This is our presentation at the 9th World Conference on Ecological Restoration.

What’s so problematic about monocultures?

Alexander Tinti | December 15, 2022

The practice of growing only one crop on a piece of land has come to dominate modern industrial agriculture. Monocultures promise efficiency by lowering maintenance and harvesting costs, and the introduction of artificial fertilizer finally made the isolation of individual plants from their natural ecosystems possible. Over the last decades, if not centuries, this view has made the global food system increasingly reliant on food production in monocultures. This has led to a predicament: the challenges caused by monocultures have long been overlooked or downplayed and their drastic consequences are now beginning to surface. Read on to learn about some of the most important ones.

Nutrient depletion

First, monocultures quickly deplete the soil from nutrients the plant needs to grow. This is the main reason why artificial fertilizers become necessary: crops would not be able to grow naturally otherwise. However, these agrochemicals further deplete the soil by killing off microorganisms essential for its fertility and water-holding capacity. The impoverished soil then is not only infertile, but also helplessly exposed to erosion – we literally lose the ground under our feet. A recent study has shown that 91% of all conventionally cultivated soils are thinning currently.

Susceptibility for diseases

Second, monocultures are a feast for diseases and plagues. Conventional agriculture therefore uses pesticides and herbicides, once again ignoring their devastating consequences: poisoning waterbodies, killing bees and other pollinators, causing sterility in birds etc. In addition, monocultures are always at risk of being completely eradicated by new pesticide-resistant pathogens or insects. In Costa Rica, banana monocultures have suffered this fate before.

Land use

Third, the need for land in industrial agriculture is enormous. This need is often met by the deforestation of old-growth rainforests. Currently, the average size of a soccer field is being cut down every six seconds! As usual, consequences are being ignored.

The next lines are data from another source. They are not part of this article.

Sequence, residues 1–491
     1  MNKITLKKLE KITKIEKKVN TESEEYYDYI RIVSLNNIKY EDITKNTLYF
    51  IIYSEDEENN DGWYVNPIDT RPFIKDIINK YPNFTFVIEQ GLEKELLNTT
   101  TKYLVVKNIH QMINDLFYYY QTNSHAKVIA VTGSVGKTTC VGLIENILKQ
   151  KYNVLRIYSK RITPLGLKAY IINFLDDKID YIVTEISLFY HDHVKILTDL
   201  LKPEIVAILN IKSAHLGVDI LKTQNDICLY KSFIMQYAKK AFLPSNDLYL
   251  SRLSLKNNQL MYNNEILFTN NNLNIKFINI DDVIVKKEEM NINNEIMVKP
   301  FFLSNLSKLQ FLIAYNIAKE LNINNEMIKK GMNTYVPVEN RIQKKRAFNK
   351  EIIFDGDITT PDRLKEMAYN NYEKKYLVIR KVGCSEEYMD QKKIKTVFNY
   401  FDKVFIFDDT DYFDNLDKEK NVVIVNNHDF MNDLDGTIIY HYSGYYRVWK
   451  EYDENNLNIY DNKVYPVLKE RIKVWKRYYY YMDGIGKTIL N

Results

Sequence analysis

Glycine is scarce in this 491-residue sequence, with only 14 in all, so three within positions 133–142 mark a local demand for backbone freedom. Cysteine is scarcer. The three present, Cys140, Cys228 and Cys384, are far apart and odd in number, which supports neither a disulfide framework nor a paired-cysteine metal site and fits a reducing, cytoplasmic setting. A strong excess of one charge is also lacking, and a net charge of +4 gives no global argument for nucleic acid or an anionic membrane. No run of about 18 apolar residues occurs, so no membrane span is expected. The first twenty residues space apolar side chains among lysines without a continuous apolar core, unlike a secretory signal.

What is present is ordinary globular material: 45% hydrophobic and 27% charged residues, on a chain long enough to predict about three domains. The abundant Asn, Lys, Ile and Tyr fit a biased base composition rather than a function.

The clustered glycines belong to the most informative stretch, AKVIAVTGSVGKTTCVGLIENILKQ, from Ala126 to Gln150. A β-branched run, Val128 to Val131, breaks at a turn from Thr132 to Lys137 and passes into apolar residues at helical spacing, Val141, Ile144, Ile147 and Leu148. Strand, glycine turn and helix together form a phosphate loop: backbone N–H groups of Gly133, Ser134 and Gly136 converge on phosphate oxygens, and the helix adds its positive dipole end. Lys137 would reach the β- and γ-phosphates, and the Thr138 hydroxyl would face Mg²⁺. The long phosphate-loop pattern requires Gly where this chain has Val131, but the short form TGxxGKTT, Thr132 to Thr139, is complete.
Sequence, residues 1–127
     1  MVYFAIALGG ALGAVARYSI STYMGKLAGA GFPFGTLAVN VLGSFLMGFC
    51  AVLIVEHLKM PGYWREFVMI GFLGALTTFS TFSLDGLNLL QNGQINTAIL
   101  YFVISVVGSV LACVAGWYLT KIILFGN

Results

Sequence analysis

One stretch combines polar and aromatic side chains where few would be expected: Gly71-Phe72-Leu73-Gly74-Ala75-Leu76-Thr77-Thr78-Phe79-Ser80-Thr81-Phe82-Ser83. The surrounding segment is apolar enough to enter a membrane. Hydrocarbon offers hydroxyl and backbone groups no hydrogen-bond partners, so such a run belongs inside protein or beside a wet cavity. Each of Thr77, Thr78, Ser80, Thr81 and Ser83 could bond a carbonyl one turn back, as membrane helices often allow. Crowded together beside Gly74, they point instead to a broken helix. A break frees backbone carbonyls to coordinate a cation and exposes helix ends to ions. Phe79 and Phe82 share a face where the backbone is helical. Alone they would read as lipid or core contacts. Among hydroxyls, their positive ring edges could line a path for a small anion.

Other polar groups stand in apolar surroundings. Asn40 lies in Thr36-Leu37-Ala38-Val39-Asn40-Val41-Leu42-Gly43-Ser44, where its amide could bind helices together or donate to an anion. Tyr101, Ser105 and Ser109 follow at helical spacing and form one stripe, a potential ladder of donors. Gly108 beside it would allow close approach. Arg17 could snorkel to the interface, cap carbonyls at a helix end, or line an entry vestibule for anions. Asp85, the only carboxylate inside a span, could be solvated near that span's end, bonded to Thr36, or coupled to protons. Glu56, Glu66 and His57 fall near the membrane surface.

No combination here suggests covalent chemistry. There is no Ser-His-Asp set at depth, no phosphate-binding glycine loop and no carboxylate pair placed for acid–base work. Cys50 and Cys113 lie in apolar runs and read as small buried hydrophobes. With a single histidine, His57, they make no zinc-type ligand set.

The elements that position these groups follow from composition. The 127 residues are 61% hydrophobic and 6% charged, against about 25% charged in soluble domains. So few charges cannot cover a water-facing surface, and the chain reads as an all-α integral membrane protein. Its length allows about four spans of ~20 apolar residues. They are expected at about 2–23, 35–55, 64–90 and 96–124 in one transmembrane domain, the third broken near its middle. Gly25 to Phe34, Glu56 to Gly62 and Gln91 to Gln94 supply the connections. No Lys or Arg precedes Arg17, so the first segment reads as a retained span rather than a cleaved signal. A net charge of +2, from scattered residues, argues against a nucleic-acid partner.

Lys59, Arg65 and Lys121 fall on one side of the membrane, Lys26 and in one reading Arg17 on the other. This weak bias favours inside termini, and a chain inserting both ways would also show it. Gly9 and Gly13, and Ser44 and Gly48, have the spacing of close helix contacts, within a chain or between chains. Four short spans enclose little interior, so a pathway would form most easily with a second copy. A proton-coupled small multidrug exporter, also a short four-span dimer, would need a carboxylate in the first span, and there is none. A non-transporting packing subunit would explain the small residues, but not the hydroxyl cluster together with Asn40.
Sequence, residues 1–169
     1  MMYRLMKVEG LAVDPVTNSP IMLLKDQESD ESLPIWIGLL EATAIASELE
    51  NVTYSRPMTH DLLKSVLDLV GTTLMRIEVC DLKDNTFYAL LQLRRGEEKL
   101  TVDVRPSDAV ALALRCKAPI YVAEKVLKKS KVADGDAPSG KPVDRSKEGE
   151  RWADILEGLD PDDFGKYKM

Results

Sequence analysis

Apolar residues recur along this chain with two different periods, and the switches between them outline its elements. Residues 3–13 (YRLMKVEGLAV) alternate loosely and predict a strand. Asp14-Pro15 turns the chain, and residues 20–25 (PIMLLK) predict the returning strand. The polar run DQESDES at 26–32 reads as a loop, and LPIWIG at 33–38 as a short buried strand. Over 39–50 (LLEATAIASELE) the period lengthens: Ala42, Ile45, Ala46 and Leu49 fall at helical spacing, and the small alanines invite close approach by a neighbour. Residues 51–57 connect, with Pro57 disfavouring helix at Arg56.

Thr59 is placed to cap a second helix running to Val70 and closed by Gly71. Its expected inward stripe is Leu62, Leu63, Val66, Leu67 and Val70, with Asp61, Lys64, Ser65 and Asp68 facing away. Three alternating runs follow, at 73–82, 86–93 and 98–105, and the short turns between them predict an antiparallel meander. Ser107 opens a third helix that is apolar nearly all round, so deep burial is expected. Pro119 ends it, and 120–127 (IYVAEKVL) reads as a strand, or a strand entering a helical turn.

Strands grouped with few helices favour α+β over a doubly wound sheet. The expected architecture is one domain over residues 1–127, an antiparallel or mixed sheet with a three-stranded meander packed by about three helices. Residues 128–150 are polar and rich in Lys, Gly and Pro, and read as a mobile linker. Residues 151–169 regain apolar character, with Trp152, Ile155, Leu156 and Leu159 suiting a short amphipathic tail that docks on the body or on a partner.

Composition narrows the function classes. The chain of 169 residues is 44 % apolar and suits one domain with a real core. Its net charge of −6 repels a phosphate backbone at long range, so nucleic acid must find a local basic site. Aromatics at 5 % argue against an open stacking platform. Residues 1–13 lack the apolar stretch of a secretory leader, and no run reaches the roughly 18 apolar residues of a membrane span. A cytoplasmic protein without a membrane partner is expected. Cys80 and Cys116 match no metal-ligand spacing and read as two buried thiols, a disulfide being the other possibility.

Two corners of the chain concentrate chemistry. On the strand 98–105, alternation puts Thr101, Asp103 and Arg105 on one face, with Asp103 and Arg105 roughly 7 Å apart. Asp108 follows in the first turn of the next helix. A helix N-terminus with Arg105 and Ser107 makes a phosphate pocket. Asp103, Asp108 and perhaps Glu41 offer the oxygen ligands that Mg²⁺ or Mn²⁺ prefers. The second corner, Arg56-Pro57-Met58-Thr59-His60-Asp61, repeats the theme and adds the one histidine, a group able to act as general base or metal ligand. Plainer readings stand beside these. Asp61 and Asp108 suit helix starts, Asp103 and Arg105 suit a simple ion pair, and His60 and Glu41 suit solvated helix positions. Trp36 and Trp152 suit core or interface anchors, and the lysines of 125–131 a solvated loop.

Price instability

Last but not least, growing only one crop exposes the farmer to unforeseen price drops which can cause painful losses in earnings. While farmers in more developed countries can hedge against this challenge with financial products, it frequently drives more rural farmers out of business, endangering their livelihoods.

The systemic view of our food system

How do monocultures fit into the grand scheme of things? We attempted to give a visual answer to this question with the infographic below. Have a look at it and let us know your thoughts.

Beside the loss of biodiversity, erosion is one of the most striking consequences of the practices of conventional agriculture. Nature’s remedy are plants that we ironically call weeds. These can grow where other plants can’t: they draw nutrients from the depth of the soil to the surface and as they die, they make them available to more delicate plants. The answer of conventional agriculture, however, is to poison them with ever stronger herbicides, setting off the vicious cycle illustrated above.

Forest gardens are a central part of the larger solution

These challenges are systemic – they cannot be solved individually. At the Refugio, we develop solutions which together address these interlinked challenges. To tackle food production, we propose forest gardens. If you want to know what we mean by that, please click the link.

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